I once read a beautifully written essay in (the sadly, now-defunct) Hallmark Magazine about the writer’s recollection of her father’s beloved toolbox. It was rich with memories and emotions, and all the more compelling because it was a true story.
 
So reach back into your memories and old scrapbooks and start putting some of your stories down on the page in your next personal essay. 
 

Abigail Green has published more than 150 articles and essays in regional and national publications including American Baby, Baltimore Magazine, Bride’s, Cooking Light, and Health. Her work also appears in the new book, “A Cup of Comfort for New Mothers.” (Adams Media, 2009). Abby holds a B.A. from Vassar College and an M.A. in publishing from the University of Baltimore. She writes the “Crib Notes” column for The Writer Mama e-zine and the “Understanding Personal Essays” column for Writers on the Rise. A mother of two boys, she blogs about parenting, publishing and more at http://diaryofanewmom.blogspot.com.

Understanding Personal Essays: A Traveler’s Tales

Abigail Green

By Abigail Green

How could you not be enticed into reading an essay titled “In the Land of the Surfing Hippos” or “Hemorrhoids in Holland”? Of all the genres of essays, travel essays are among my favorite to read. I enjoy reading about places I’ve been or am going, but essays about exotic destinations I’ll never visit are even better. I get to be an armchair tourist for a little while, experiencing a true-life adventure through the writer’s eyes.

Travel essays can range from first-person destination guides to literary non-fiction pieces that never mention a hotel or restaurant. As with any essay, you’ll want to tailor yours to the publication you’re targeting.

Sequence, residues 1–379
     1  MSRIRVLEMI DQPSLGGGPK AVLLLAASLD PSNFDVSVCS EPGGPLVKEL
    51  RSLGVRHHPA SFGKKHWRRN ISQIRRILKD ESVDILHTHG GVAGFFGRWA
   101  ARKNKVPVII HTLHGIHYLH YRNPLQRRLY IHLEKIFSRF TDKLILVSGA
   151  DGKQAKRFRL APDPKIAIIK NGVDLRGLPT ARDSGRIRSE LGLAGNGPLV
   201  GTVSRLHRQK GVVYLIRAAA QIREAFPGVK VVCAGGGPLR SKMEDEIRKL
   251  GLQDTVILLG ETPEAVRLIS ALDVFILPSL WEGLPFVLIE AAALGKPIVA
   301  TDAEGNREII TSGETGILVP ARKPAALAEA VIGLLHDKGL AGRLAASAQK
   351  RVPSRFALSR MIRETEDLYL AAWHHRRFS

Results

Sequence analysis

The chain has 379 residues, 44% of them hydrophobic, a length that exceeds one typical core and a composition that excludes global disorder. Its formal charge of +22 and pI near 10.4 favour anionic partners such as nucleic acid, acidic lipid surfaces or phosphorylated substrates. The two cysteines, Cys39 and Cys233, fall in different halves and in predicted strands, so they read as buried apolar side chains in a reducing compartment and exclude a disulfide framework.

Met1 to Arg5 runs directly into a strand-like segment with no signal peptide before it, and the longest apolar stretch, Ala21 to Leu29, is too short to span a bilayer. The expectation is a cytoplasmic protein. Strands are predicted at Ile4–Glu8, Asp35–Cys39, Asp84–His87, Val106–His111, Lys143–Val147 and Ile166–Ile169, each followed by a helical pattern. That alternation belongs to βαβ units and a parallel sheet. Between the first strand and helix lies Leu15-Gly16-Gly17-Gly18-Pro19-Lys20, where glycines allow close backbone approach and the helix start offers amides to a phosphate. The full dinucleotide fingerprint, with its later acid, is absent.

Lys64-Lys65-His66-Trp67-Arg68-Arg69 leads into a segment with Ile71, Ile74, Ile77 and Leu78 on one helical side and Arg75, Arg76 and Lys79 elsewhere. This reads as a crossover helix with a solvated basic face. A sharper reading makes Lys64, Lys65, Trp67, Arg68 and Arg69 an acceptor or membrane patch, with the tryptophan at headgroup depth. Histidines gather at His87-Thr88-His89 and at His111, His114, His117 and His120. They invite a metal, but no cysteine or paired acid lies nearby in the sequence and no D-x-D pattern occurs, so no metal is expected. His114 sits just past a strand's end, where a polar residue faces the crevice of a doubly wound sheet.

I’ve had the most success publishing travel pieces that are a combination of first-person essays and practical information. For instance, I wrote a piece for a newspaper travel section on do-it-yourself “babymoons” for expectant parents after I’d planned one myself. My essay about a trip to Costa Rica, which ran in a business magazine, included a sidebar with travel tips and resources.

No matter what format your travel essay takes, it’s essential to paint a vivid picture for readers by using active, sensory words and descriptions. Here’s an example I use in my class, “Personal Essays That Get Published”:

I could have started my essay with this perfectly acceptable lead:
Much of Costa Rica is covered by dense rainforest. Average rainfall ranges from 75 to 120 inches a year. Thick, towering trees and foliage form canopies high above ground, home to such animals as howler monkeys and sloths. Canopy tours give brave tourists an up-close-and-personal view of Costa Rica’s flora and fauna.